Third way away day 

Nicholas Watt

Young European politicians at a retreat outside London seek inspiration from the neo-cons to revive the centre-left vision, writes Nicholas Watt

Friday March 11, 2005

In the grand surroundings of Warren House, a 19th century pile on the outskirts of London where Edward VII used to wind down, the great and the good of Europe's centre left are gathering today for a brainstorming session.

Under the watchful eyes of Peter Mandelson and two former prime ministers, a host of young politicians from across Europe will put their names to a declaration that is designed to revive the third way.

Labelling themselves "the progressive generation", these under-40s hope their document will show the centre left can reclaim the political stage with classic third way ideas on promoting a market economy while driving up standards in public services.

The atmosphere at Warren House, where tomorrow's leaders are likely to spurn the chance of dancing the night away in a ballroom modelled on the hall of mirrors at the Palace of Versailles, will be slightly muted. This year's annual Policy Network retreat is a far cry from the days when third way warriors held sway in almost all the world's big industrialised countries - Bill Clinton in the US, Tony Blair in Britain, Gerhard Schröder in Germany, Lionel Jospin in France and Giuliano Amato in Italy.

Only Tony Blair and Gerhard Schröder are still in power and both are diminished figures compared with the late 1990s, when it appeared they would be stamping their vision across Europe and the industrialised world. Mr Mandelson today makes clear how far the third way elite has fallen when he speaks of "past mistakes" - by centre left governments across Europe - who fell from power after "ignoring voters' genuine anxieties over immigration, unemployment" and a host of other touchstone issues. Two former prime ministers who made such mistakes - Giuliano Amato in Italy and Poul Nyrup Rasmussen in Denmark - will be on hand this weekend to provide tips on where they went wrong.

Michiel van Hulten, a former Dutch MEP who, as co-chairman of the Young Progressive Network, is the driving force behind today's declaration, admits he has his work cut out now that a mere five of the EU's old 15 members have centre left governments. In the late 1990s, the figure stood at 13 out of 15.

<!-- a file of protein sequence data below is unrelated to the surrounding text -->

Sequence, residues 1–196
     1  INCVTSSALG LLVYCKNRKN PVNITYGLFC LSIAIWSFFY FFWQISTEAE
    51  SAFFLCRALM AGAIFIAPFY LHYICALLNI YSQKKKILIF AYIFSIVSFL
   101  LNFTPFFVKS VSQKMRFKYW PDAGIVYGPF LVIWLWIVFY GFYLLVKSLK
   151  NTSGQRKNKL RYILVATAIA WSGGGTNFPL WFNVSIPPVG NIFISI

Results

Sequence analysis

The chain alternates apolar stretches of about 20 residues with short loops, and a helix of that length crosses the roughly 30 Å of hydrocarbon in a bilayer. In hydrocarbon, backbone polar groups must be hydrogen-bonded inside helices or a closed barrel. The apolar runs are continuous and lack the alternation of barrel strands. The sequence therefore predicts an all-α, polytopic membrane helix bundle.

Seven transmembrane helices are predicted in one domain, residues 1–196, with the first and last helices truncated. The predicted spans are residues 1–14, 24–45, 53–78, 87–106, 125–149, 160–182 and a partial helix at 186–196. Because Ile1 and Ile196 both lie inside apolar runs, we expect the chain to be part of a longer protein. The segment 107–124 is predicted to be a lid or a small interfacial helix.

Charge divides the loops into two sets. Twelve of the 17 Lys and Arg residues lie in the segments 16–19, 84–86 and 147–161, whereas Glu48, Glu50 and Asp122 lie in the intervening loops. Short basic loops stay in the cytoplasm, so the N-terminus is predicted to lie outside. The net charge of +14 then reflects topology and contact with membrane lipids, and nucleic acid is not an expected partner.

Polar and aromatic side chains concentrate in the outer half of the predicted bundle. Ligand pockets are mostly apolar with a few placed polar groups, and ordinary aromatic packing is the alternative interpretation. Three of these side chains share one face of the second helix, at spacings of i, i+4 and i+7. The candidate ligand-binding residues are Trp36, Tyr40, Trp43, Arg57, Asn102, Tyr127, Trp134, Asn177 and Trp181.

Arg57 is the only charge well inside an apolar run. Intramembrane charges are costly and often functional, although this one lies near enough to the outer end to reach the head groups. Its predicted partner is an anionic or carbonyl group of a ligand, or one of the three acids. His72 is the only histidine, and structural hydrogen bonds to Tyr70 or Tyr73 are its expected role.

"We want to take a leaf out of the book of the neo-cons in the United States," Mr Van Hulten says. "They have been incredibly successful over the past 10 to 15 years in building up a public policy agenda, which George Bush is now implementing. This has been missing from the centre left, where the thinking has been short term and disjointed."

Drawing up policy ideas that can secure agreement across Europe, even among like-minded politicians, is an almost impossible task, as today's declaration makes clear. A proposal that all EU countries abandon their veto on foreign policy is understood to have been the subject of intense debate at the summit, with British representatives determined not to give up one of the prime minister's famous "red lines" from the EU constitution negotiations.

But the proposal stayed in. The declaration says: "The newly enlarged EU must develop a credible and effective foreign and defence policy. Member states must be prepared to give up their power of veto in order to become more effective together, and to invest more in creating a more credible defence capability, including an appropriate role for the EU's neutral member states."

Such language will barely raise an eyebrow in Mr Van Hulten's Netherlands, a relatively small EU country whose standing in the world would increase if large countries, such as Britain, abandoned their veto on foreign policy. But this passage may go some way toward explaining why one of the young British politicians in the "progressive generation" is likely to find himself engaged in an intense discussion in a far flung corner of the grounds of Warren House when the signing ceremony takes place. Tipped for the cabinet after the election, the Cabinet Office minister David Miliband will not want to be directly associated with a commitment that would be exploited by the Eurosceptic tabloids.

Other elements in the declaration will be warmly welcomed by Mr Miliband, one of the brains behind Mr Blair who wrote Labour's manifesto for the 1997 landslide election victory. In language that would do the prime minister proud, the declaration says on public services: "There is no inherent reason why public services should be provided only by the state. The state's role is to regulate and guarantee access, to set and enforce standards and to police fair pricing. The private sector should play a role in the provision of public services, but only where this leads to higher quality, lower prices and increased choice."

Where Britain feels uneasy about the proposal on foreign policy, German and French politicians at the retreat might fear the reception they will receive back home if they sign up to a document written in such Thatcherite language. Mr Van Hulten is relaxed. "This declaration is designed to provoke debate. I wouldn't say think the unthinkable, because that is what Tony Blair said. But we have to look at the horizon beyond the next election."

Mr Miliband may beg to disagree, as he rushes back to Labour's campaign headquarters after the retreat this weekend to see whether the Tories have pulled off another pre-election stunt.

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